keywords = "foramen rotundum, infraorbital nerve, lateral recess of the sphenoid sinus, prelacrimal approach, vidian nerve",
author = "Lifeng Li and London, {Nyall R.} and Prevedello, {Daniel M.} and Carrau, {Ricardo L.}",
year = "2019",
month = "1",
day = "1",
doi = "10.1002/alr.22455",
language = "English (US)",
journal = "International Forum of Allergy and Rhinology",
issn = "2042-6976",
publisher = "Wiley-Blackwell",

}

TY - JOUR

T1 - Endoscopic prelacrimal approach to lateral recess of sphenoid sinus

T2 - feasibility study

AU - Li, Lifeng

AU - London, Nyall R.

AU - Prevedello, Daniel M.

AU - Carrau, Ricardo L.

PY - 2019/1/1

Y1 - 2019/1/1

N2 - Background: Various pathologies, including cerebrospinal fluid leaks and meningoencephaloceles, may arise in the lateral recess of the sphenoid sinus (LRSS), which may be accessed via an endonasal transpterygoid approach. The objective of this study was to evaluate the feasibility of accessing the LRSS via an endoscopic prelacrimal approach. Furthermore, we hypothesized that this approach may protect the pterygopalatine ganglion and vidian nerve. Methods: Five cadaveric heads (9 sides) with a well-pneumatized LRSS were identified and an endonasal prelacrimal approach was performed. The infraorbital nerve, at the orbital floor, served as a critical landmark. After identification of the foramen rotundum at the pterygoid base, the vascular compartment of the pterygopalatine fossa and the pterygopalatine ganglion were displaced inferomedially and superomedially, respectively. Drilling of the bone inferomedial to the foramen rotundum allowed entry into the LRSS. Results: The average distances from the prelacrimal window to the pterygoid base and the posterior wall of the LRSS were 6.22 ± 0.39 cm and 7.16 ± 0.50 cm, respectively. The average areas of the bony prelacrimal window and pterygoid base window were 4.33 ± 0.32 cm2 and 0.73 ± 0.10 cm2, respectively. The LRSS could be accessed using a 0-degree endoscope, and pterygopalatine neurovascular structures, including the pterygopalatine ganglion and vidian nerve, could be preserved on all 9 sides. Conclusion: Our findings suggest that an endonasal prelacrimal approach provides a reasonable alternative to access the LRSS while preserving the vidian nerve and pterygopalatine ganglion.

AB - Background: Various pathologies, including cerebrospinal fluid leaks and meningoencephaloceles, may arise in the lateral recess of the sphenoid sinus (LRSS), which may be accessed via an endonasal transpterygoid approach. The objective of this study was to evaluate the feasibility of accessing the LRSS via an endoscopic prelacrimal approach. Furthermore, we hypothesized that this approach may protect the pterygopalatine ganglion and vidian nerve. Methods: Five cadaveric heads (9 sides) with a well-pneumatized LRSS were identified and an endonasal prelacrimal approach was performed. The infraorbital nerve, at the orbital floor, served as a critical landmark. After identification of the foramen rotundum at the pterygoid base, the vascular compartment of the pterygopalatine fossa and the pterygopalatine ganglion were displaced inferomedially and superomedially, respectively. Drilling of the bone inferomedial to the foramen rotundum allowed entry into the LRSS. Results: The average distances from the prelacrimal window to the pterygoid base and the posterior wall of the LRSS were 6.22 ± 0.39 cm and 7.16 ± 0.50 cm, respectively. The average areas of the bony prelacrimal window and pterygoid base window were 4.33 ± 0.32 cm2 and 0.73 ± 0.10 cm2, respectively. The LRSS could be accessed using a 0-degree endoscope, and pterygopalatine neurovascular structures, including the pterygopalatine ganglion and vidian nerve, could be preserved on all 9 sides. Conclusion: Our findings suggest that an endonasal prelacrimal approach provides a reasonable alternative to access the LRSS while preserving the vidian nerve and pterygopalatine ganglion.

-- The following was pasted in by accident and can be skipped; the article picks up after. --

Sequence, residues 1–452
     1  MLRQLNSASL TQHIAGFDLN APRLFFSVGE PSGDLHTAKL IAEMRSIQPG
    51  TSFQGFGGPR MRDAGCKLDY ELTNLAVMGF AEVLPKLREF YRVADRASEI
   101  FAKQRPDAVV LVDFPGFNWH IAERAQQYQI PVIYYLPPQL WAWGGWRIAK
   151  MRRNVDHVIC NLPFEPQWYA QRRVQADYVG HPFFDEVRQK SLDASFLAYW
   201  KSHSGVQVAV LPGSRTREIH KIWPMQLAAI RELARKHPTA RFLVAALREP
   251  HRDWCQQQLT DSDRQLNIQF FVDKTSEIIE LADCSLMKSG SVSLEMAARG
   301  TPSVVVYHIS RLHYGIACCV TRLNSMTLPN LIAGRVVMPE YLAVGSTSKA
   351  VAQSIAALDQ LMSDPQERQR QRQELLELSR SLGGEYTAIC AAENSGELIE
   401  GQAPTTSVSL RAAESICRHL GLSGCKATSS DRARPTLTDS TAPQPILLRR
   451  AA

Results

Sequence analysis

KW - foramen rotundum

KW - infraorbital nerve

KW - lateral recess of the sphenoid sinus

KW - prelacrimal approach

KW - vidian nerve

UR - http://www.scopus.com/inward/record.url?scp=85076343727&partnerID=8YFLogxK

UR - http://www.scopus.com/inward/citedby.url?scp=85076343727&partnerID=8YFLogxK

U2 - 10.1002/alr.22455

DO - 10.1002/alr.22455

M3 - Article

C2 - 31834678

AN - SCOPUS:85076343727

JO - International Forum of Allergy and Rhinology

JF - International Forum of Allergy and Rhinology

SN - 2042-6976

ER -